the following article is copied from a blog i read on a regular basis.
‘If we never take time, how can we ever have time?” The Merovingian asked Neo in the Matrix trilogy.
I can’t just talk about having personal quiet communion with God, I have to plan it into my day, or it’s not going to happen. And if I want this to become more adopted in my life, I need to be comfortable developing this habit in my own settings. So, I went to an empty room at my church, locked the door behind me with a ‘do not disturb’ sign on the door for any busy custodians and quietly sat on the carpeted floor with a lit candle in front of me.
As my eyes closed, I picked a focus word: Available. It has been becoming more and more relevant in my journey as of late. How can I be more available to God? Not as a tool, or a teacher or a busy-bee, but just as an accessible disciple? How can I be more available to the people in my life? Not as a mentor, or a preacher or a distributor of biblical advice, but simply how can I be more obtainable for their needs? Can I sit still and wait on Him? (Psa 27:14) Can I be a soldier in waiting? Can I be a sentry alert and ready? Otherwise, if I am not available and waiting for commands from my Lord, how will I hear Him if I am too busy following my own decrees?
At first, I fought off anxiousness. “Here I am Lord, available.” I seemed to be thinking. I wanted a theophany or a vision or a feeling similar to John’s revelation. Perhaps I felt that simply by creating the environment, I could create the experience. I could feel my spirit becoming restless. But, this did not seem to fit the idea of being available to God. Was I only available to God, if He was available to me? Why do I feel my relationship with God is contingent upon anything I design? If the Lord said, “Wait here” and pointed to my seat, who am I to become fretful for my orders or apprehensive for His return? My duty is to be present; my obligation is to be offered.
As I sat there, I began to be aware of the spirit of waiting. I was waiting for this moment to pass. I was waiting for the clock to tell me it was over. I was waiting for a personal communion with God. I was in a character of impatience, I was not available. I shook my head and tried to refocus. “I’m waiting.” I heard.
‘That’s true,’ I quickly thought. I had an image of a child sitting in the corner with the extended finger of a parent behind the words, ‘You sit there and think about what you have done.’ No, I was not being punished, but I was being reminded: God waits for me all of the time. God waits for me here in this classroom while I am running around the church hanging signs and getting things ready for Sunday. God waits for me in quiet meditation as I busily teach and hurry through lessons and bible studies. God waits for me in scripture as I race through homework and personal devotions before I collapse in sleep. God waits for me to realize… God waits for me to come…. God waits for me to awaken… God waits for me to see… God waits for me to hear… God waits for me patiently.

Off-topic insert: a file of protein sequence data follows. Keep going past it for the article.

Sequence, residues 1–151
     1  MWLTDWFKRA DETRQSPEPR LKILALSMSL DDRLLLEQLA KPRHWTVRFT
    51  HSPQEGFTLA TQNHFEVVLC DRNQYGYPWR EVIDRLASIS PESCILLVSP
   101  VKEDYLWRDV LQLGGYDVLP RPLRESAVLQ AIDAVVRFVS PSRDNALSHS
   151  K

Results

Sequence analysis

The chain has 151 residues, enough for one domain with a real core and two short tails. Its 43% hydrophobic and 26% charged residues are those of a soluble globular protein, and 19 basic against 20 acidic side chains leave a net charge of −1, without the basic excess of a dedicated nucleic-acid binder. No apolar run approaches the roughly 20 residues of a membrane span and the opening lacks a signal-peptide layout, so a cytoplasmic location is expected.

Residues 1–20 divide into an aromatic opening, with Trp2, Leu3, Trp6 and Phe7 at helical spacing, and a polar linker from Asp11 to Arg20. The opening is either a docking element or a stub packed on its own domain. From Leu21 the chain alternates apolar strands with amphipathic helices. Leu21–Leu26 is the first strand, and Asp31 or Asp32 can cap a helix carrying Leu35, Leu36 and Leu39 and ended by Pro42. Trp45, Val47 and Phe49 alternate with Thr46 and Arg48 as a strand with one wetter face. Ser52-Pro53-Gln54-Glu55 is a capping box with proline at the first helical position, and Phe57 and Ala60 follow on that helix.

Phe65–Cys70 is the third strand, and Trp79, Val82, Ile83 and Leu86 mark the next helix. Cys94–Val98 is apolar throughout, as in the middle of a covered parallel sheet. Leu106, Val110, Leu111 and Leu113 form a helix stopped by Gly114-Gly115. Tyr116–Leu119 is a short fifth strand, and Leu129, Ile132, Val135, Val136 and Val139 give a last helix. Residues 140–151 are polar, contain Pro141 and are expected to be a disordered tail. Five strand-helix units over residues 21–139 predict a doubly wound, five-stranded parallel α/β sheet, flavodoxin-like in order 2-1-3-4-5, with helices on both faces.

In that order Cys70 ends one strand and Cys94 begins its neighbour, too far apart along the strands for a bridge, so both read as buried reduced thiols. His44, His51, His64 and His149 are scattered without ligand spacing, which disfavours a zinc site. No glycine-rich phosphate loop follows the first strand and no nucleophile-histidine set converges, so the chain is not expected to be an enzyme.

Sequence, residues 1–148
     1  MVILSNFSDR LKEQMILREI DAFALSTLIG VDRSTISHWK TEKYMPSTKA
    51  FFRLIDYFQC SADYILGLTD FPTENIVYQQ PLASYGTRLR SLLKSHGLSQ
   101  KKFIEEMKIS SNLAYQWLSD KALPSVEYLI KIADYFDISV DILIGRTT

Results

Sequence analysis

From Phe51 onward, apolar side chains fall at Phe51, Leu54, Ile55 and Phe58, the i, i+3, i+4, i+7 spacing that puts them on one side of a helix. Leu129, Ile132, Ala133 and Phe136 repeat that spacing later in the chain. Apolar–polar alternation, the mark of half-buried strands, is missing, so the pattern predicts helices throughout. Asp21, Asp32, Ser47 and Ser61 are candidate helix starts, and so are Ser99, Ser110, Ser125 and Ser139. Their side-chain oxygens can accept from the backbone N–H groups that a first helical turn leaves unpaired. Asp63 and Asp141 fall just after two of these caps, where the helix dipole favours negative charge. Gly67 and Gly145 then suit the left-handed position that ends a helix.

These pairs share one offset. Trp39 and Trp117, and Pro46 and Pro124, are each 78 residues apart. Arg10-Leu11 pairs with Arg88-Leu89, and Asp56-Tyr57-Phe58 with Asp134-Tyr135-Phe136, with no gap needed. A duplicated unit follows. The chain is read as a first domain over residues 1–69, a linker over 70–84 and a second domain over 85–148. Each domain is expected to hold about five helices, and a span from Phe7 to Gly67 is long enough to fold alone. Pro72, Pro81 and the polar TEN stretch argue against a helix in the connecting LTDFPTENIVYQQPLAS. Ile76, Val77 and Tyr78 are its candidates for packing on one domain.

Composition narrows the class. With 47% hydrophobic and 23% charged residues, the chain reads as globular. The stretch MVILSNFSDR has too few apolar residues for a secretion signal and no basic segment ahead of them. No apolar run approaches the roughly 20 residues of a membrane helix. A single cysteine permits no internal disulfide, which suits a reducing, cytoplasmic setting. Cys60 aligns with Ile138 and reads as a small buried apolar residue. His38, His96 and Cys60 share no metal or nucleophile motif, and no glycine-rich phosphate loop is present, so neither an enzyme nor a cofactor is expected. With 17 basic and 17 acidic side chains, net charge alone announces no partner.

Am I as patient? I want to hurry up and graduate, I want my students to hurry up and grow. I want to hurry up and get a full time ministry, I want to hurry up and actualize my future. I want to hurry up and have a child, I want to hurry up and conquer my sins. I want to treat my relationship with God, the way I treat my life here on Earth. I want to get to the next stage quickly. I want to pass the next car. I want to take another step forward in line. I want to progress.
Waiting feels like wasting.
Availability feels like abandon.
Sometimes when we stop to take a breath, we focus on the mountain and are disheartened at the remaining cliff yet to scale. ‘I’m wasting my time,’ we think. ‘I should be climbing.’ But rests and breaths are important for life. They serve a function that although unseen is crucial. My function is to be a disciple, a learner, a sitter and a listener. I receive my climbing orders as the Lord doles them out. My heart and mind and spirit rest in a state of availability. My rest begins with my words, “I am here.” And I sit and wait for his words to mirror mine.
i resonate with what he's saying and try to do that--to make space for God. but it always seems to be on my schedule...i am the person looking at the huge mountain and thinking it's insurmountable. i am the person who thinks the stopping is a waste of time. maybe if i stop i won't ever climb again. so i'm brought back to that same old reminder that God calls us to let go of whatever is comfort to us. and for me it's never stopping. Lord, please let me stop.